Click the image above to download the “Round Robin Adventure” free writing printable. If you would like to share this round robin writing prompt with others, link to this post. Do not link directly to the PDF file.

Feel free to print this PDF file for your own personal use, but please do not sell or host these files anywhere else.

Summer Acrostic Poem

You might also like our printable Summer acrostic poem

Have you visited our huge archive of writing prompts? New prompts added every Wednesday!

4 story starters to inspire young writers

These story starters will inspire young writers to imagine tales of outdoor adventure, mystery, and discovery!

SUNLIT beaches, grassy hillsides, and old-fashioned gardens have inspired plenty of stories over the years. Give young writers a chance to craft their own outdoor adventure tales with these four story starters. We provide the first line of each paragraph. A child’s imagination will fill in the rest!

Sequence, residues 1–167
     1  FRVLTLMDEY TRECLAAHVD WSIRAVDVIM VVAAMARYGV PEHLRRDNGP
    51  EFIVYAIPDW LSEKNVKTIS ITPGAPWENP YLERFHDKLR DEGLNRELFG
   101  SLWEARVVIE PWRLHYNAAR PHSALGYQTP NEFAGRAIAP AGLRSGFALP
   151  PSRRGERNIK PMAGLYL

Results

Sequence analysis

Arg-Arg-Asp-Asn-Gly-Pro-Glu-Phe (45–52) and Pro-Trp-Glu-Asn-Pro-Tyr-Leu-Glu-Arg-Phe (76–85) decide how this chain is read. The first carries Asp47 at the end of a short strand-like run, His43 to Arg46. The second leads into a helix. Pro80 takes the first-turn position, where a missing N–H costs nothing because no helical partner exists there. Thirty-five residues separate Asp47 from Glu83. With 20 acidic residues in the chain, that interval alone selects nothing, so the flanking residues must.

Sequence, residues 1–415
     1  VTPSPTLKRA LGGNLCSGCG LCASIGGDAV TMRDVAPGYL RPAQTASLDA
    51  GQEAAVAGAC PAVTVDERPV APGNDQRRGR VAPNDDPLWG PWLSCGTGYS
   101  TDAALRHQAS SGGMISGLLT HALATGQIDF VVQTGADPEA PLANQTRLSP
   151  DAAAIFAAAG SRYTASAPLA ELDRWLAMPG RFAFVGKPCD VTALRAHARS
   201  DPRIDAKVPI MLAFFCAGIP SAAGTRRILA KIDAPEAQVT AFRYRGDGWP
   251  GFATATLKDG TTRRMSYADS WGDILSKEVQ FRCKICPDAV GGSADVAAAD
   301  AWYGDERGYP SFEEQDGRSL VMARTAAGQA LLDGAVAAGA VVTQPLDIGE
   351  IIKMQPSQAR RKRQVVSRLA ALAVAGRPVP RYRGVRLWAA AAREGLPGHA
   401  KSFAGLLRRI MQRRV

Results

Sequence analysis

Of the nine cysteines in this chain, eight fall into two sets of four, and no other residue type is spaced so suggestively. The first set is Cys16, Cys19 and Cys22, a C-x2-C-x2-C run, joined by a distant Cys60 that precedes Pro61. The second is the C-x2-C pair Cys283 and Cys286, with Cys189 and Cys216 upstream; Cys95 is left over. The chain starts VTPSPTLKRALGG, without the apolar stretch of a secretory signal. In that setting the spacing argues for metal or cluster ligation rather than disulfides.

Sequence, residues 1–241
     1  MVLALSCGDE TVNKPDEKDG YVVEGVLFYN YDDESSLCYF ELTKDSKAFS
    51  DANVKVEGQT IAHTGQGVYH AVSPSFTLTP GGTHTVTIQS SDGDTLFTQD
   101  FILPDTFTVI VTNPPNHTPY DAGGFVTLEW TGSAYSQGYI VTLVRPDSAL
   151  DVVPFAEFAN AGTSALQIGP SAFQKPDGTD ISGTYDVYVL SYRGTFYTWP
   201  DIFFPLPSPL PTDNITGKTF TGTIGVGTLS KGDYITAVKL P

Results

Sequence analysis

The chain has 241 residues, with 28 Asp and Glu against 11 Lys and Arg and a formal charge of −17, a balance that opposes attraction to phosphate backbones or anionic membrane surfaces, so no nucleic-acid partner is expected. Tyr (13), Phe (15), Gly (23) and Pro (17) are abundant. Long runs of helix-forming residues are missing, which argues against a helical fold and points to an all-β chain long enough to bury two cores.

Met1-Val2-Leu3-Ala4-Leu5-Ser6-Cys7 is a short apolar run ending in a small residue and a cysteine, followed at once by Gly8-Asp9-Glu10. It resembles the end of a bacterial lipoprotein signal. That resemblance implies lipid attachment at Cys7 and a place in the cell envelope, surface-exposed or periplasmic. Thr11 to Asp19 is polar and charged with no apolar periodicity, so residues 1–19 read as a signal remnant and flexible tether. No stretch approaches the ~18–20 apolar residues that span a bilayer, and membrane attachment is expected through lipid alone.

1. Secret of the Blue Cocoon

Wherever the butterfly landed, strange events seemed to follow.

2. A Kite’s Quest

“Where are you going?” the wind asked the runaway kite.

3. High Tea Mystery

The garden party invitation was clear: Bring your own teacup and your own fingerprint kit.

4. Clue at the Picnic

When I sliced the watermelon open, I never expected to find a secret message inside.

Did you enjoy these writing ideas? If so, be sure to check back each week for more Writing Prompt Wednesdays!

Photo: Piotr P, courtesy of Creative Commons

“I Spy” writing prompts

Kid-friendly writing prompts that celebrate the little things under our feet!